Here is a brief description of an anything goes Judaism event, taken from a report that regards such activities as beneficial and authentic. The event called "Golem Gets Married" took place in a room that "was filled with revelers, drinking at the bar and enjoying a spread of cold cuts well before the 'ceremony' began. The mock wedding featured salacious vows, a cross-dressing couple and a sermon delivered in haiku. Following the 'ceremony,' the band led the crowd in a hora or two (complete with the bride and groom hoisted in the air.)" This was a "Jewish" activity because the attendees were mainly Jews. Nothing more was required.
As what is conducted under anything goes Judaism has expanded, some demographers have been hard at work expanding the boundaries of Jewish identity to include persons who do not regard themselves as Jewish, the goal being to increase our numbers and also to promote the legitimacy of ultra-secular experiences that somehow are labeled as Jewish. Rather than there being four or five million Americans who acknowledge that they are Jewish, our ranks somehow swell to twice or more that number. In this and other questionable developments we are witness to the debasement of Jewish scholarship. Too often, those who pay for the research get the results that they want to hear.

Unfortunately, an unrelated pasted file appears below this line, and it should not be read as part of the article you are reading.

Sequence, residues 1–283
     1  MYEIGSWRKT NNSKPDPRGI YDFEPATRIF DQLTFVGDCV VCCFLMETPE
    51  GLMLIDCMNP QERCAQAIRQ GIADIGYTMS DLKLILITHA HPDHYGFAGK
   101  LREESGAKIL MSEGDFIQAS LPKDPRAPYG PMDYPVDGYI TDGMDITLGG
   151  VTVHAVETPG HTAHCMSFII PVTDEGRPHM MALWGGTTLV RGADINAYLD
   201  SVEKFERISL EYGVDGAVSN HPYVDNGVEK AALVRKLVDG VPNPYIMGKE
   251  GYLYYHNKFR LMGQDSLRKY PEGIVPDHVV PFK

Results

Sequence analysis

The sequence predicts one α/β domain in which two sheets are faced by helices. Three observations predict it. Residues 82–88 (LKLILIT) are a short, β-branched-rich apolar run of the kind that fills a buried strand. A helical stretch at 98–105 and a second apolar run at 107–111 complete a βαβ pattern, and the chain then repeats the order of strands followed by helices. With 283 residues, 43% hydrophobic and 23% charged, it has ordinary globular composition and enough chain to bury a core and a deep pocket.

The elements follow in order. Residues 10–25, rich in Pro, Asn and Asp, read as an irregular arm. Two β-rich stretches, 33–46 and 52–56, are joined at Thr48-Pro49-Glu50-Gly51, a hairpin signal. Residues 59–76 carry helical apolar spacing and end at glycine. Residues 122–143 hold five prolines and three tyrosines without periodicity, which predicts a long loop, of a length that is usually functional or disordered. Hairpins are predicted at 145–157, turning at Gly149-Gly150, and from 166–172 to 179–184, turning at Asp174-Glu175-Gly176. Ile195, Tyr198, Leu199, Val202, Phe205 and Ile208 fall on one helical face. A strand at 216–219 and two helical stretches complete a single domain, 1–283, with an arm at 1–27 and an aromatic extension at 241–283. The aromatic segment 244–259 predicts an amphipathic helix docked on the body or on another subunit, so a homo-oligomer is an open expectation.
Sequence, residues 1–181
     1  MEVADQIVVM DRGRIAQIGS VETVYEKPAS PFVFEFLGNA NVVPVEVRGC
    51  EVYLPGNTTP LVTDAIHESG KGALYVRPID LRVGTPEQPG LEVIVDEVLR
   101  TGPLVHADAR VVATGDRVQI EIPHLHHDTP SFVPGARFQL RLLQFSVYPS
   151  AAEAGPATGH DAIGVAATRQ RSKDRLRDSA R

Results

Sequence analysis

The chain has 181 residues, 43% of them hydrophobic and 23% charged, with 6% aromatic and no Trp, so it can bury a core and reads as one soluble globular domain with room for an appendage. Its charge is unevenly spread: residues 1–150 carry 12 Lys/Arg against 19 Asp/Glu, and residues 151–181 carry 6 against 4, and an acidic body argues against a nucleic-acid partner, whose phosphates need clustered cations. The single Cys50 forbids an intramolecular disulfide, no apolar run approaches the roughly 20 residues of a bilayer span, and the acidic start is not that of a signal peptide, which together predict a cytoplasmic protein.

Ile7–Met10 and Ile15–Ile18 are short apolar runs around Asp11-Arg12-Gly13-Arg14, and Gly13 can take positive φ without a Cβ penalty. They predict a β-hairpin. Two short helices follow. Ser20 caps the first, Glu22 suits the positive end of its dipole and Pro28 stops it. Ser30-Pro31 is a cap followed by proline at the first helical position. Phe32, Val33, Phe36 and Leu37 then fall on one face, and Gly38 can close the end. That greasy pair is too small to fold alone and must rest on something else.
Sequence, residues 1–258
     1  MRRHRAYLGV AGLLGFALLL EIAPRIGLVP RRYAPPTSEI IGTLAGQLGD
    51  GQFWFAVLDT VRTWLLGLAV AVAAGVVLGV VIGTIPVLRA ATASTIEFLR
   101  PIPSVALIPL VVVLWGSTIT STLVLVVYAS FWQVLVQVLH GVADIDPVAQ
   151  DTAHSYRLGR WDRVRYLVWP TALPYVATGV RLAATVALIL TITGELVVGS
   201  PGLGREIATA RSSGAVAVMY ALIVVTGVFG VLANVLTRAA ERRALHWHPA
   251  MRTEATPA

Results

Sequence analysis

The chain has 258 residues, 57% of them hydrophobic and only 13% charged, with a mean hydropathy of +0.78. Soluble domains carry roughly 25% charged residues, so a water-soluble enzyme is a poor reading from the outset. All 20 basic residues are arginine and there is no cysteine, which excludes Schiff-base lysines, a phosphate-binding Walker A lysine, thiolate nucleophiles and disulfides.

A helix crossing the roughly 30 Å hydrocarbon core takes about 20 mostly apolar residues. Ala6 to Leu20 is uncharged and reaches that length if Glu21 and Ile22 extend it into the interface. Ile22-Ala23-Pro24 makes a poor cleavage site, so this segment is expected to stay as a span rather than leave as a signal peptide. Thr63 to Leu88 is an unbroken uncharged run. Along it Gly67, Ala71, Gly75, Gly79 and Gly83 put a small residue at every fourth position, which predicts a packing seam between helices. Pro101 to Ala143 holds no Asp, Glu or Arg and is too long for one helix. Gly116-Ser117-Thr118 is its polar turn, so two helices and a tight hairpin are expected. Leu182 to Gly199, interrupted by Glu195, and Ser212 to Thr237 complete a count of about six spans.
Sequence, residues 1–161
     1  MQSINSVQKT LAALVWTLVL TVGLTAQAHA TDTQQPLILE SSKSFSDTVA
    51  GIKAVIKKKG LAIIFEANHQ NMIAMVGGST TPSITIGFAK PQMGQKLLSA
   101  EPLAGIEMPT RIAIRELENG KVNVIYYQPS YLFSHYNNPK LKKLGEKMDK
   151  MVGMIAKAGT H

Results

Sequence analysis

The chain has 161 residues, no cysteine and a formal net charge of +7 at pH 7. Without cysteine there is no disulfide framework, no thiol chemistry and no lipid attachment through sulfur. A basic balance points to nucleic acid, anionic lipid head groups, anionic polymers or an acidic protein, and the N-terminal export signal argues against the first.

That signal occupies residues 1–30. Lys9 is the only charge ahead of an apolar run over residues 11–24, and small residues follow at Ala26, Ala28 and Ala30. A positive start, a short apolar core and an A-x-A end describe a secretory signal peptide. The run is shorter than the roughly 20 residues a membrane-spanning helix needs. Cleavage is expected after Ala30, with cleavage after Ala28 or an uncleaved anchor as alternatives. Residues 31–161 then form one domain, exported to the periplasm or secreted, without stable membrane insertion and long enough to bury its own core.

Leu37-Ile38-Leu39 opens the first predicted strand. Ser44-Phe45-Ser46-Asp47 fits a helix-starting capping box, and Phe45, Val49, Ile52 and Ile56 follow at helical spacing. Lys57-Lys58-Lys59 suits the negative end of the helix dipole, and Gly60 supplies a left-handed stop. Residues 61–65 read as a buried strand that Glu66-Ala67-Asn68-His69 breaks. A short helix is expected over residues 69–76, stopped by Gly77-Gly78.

There are those in Israel who welcome the inflated population figures because the higher numbers can be employed to show that American Jews are still an important element to be reckoned with as they advocate for Israel.
The anything goes mindset is not the final leg in the journey away from even a minimalistic sense of traditional Jewish identity. The pervasiveness of social change and the maintenance of a critical mass who are comfortable with a definition of Jewishness that conforms to their life-style mandates a further enlargement of the tent. Intermarriage is now welcomed in certain quarters and there is the corollary urging that communal resources be directed at those who are most distant, including at persons who are not Jewish. There are calls for missionary and conversionary activity among peoples who are entirely bereft of a scintilla of Jewish identity.